First of all, this post will be filled with major spoilers. If you haven’t seen the film, want to avoid spoiling it, and read on anyway, that’s on you.
First of all, this post will be filled with major spoilers. If you haven’t seen the film, want to avoid spoiling it, and read on anyway, that’s on you.
Here’s a quote I haven’t forgotten from Manohla Dargis’s NYTimes review of Spider-Man: Homecoming.
[The Marvel Cinematic Universe] is vast, complicated, lucrative and ever-expanding. It’s also intrinsically uninteresting for viewers (at least one!) who just want a good movie.
Confession: I remember no one saying this about The Return of the King. Nobody wanted to skip the first two films and have the third stand on its own.
And why should they? The Lord of the Rings films were a trilogy, like the books.
I also don’t remember anyone complaining that they should have been able to walk into a screening of Harry Potter and the Deathly Hallows, Part One, and (to satisfy their desire for “a good movie”) automagically know who’s who and how they relate to each other. Did audience members suddenly blurt out, “Who’s this DumbleDude guy? Sounds like a dick.”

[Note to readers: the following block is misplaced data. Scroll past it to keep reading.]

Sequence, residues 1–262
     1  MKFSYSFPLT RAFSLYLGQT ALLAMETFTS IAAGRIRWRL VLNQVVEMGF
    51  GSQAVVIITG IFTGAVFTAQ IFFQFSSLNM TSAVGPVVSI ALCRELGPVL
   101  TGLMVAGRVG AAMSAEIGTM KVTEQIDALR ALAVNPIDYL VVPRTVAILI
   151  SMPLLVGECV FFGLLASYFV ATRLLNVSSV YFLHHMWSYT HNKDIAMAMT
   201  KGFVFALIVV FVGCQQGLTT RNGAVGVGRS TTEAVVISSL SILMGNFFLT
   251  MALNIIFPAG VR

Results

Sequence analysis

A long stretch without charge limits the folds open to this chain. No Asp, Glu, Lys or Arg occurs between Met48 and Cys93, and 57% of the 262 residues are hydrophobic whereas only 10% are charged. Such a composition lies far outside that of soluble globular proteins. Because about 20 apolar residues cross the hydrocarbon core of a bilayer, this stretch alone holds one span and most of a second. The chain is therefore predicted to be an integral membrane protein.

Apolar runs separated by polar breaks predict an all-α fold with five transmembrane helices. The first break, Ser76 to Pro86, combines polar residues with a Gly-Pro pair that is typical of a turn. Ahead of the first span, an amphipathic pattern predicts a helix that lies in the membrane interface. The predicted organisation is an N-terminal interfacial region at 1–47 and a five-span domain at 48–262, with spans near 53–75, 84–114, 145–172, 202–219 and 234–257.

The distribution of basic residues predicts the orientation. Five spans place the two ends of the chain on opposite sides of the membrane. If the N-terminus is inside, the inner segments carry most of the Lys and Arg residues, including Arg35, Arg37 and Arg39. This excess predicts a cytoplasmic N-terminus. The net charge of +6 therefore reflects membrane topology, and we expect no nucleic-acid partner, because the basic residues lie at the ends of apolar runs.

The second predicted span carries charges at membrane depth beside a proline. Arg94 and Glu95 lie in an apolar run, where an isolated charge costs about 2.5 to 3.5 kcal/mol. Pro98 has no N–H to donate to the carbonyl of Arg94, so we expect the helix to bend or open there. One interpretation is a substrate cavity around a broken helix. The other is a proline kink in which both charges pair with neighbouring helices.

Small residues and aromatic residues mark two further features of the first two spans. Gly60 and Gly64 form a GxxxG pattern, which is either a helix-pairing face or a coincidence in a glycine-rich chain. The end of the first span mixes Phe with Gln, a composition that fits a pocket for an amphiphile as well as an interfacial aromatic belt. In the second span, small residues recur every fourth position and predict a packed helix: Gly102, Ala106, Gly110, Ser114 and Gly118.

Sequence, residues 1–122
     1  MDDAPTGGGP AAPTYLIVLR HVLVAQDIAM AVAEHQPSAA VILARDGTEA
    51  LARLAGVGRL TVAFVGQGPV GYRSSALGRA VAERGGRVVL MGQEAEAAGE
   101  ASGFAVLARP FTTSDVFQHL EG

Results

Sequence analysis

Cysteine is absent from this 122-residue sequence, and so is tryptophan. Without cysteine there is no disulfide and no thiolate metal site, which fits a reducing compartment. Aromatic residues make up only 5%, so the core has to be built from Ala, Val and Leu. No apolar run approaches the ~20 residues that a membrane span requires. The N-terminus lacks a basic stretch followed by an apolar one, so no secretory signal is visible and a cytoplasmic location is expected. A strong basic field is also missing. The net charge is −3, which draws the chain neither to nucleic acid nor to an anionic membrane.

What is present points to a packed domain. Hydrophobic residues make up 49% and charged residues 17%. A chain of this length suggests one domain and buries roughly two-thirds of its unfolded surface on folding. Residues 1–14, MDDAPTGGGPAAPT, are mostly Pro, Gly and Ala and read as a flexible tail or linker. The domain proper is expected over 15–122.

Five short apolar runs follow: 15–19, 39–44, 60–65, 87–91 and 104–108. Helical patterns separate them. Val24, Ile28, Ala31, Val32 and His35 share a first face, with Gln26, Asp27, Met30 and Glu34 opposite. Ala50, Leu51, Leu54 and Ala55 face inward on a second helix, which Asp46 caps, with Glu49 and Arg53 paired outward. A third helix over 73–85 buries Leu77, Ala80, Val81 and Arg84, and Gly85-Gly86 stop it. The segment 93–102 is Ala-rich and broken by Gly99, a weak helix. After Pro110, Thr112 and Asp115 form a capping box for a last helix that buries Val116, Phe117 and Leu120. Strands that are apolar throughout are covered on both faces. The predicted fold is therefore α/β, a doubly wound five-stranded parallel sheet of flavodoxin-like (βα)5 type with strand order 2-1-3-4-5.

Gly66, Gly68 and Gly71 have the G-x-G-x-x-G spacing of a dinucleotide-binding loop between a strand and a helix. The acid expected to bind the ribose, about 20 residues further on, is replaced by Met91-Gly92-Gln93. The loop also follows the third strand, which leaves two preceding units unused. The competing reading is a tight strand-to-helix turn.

Well, I’m sure someone did, somewhere, but no one paid them to publish those thoughts in the NYTimes.
Sequels! There are so many of them in the MCU, and it all started with that end-credits scene where Nick Fury tells Tony Stark about the Avengers Initiative. Based on that one scene–not to mention the marketing that confirmed a common setting for these films–Thor was a sequel to Iron Man. The Incredible Hulk (which included a Tony Stark cameo) mentioned super-soldier serum in 2008, three years before Captain America: The First Avenger. That means The Incredible Hulk was another sequel and CA:TFA was a prequel.